The barrel is put in a lathe and the required amount of metal is turned off the barrel shoulder.
The barrel is screwed on and torqued properly, again using barrel blocks and a frame wrench.

The barrel/cylinder gap is properly cut to specs using a special cutter kit that works down the bore.

After the barrel/cylinder gap is set, the forcing cone is cut, using another special cutter kit that also works down the bore, AND a by very carefully measuring with a special forcing cone gage.

The barrel/cylinder gap MUST be set to a narrow spec or accuracy is lost and the gun can spit bullet fragments.

The forcing cone ABSOLUTELY MUST be cut in a new barrel, or re-cut in a used barrel.
The CRITICAL measurement is the outside diameter of the forcing cone.
If that diameter is slightly too big or too little, accuracy is gone.
The specification is VERY narrow, and it CANNOT be "eyeballed"

After the barrel work is finished, if a different length barrel was installed, the ejector rod assembly must be changed out.

The tooling is expensive, and there ARE no "expedient" methods that won't potentially ruin a good gun.

The old "make it work" gunsmiths used the hammer handle, a file to set barrel/cylinder gap, and never even suspected there was something needed in the forcing cone.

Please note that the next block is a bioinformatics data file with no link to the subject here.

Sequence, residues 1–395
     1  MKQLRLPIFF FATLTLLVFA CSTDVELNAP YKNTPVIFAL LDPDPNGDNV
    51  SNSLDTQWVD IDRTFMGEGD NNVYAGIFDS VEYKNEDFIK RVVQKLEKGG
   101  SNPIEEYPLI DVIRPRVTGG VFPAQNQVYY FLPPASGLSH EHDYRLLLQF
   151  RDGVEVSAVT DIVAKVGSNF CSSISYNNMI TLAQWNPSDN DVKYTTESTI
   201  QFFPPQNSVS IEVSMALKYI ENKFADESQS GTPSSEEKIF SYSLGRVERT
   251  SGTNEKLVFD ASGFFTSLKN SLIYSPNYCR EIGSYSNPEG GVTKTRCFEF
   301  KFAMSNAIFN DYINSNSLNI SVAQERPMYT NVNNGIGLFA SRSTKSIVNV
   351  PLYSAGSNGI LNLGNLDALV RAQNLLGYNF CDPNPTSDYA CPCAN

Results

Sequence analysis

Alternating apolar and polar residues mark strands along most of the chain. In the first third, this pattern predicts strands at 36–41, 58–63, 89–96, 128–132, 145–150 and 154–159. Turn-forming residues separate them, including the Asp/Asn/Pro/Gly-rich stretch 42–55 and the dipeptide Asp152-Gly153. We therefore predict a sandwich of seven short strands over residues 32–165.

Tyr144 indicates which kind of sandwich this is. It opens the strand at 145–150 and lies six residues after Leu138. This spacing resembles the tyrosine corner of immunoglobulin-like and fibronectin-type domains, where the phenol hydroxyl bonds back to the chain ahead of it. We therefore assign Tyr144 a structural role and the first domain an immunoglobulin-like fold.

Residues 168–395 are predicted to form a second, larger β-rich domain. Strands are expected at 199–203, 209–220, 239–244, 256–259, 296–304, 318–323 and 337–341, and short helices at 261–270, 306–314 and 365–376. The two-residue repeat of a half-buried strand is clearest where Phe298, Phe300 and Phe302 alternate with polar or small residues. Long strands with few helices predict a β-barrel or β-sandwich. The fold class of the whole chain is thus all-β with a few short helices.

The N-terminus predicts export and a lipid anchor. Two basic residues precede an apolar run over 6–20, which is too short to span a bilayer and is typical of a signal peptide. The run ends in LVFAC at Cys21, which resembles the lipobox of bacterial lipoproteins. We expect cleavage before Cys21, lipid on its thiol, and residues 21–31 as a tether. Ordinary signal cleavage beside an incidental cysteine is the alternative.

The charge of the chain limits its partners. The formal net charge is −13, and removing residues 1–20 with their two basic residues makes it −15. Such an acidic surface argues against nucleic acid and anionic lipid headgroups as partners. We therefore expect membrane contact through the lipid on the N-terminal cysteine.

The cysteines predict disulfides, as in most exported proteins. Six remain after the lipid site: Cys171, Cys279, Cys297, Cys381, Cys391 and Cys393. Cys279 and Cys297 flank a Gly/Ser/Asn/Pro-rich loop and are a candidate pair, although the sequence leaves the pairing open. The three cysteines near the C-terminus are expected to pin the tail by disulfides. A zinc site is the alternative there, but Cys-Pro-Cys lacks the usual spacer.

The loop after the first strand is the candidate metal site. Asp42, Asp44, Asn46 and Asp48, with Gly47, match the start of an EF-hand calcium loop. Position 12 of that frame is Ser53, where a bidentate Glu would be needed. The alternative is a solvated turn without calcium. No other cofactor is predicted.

This is also why many otherwise fine old S&W and Colt revolvers won't shoot well. A close look finds "tweaked" frames, cracks through the frame's barrel thread area, and other damage.

Bottom line: If you want a revolver re-barreled, either find a qualified pistolsmith, or buy the tools and learn how to use them.
Otherwise, what USED to be a nice gun, is just another piece of junk like so many others.

yekimak
February 8, 2005, 08:35 PM
No offense taken by any one or anything like that. I have thick skin most of the time. I do these things just to do them, as a hobby, etc. I see the parts available and have the donor gun, I want to try it out. I like the concept of a large frame snubby because most snubbies do not fit my hand well, and this gun does. It is old and less than 50% in finish, but still locks up tight and has an awesome trigger. I a mnoit worried about ballistics, I have other guns for that. Thank you guys for the info.

Dave Sample
February 9, 2005, 02:17 PM
I hate that noise when the frame cracks while you are trying to get a 50 year old barrel out of that gun. Good Luck.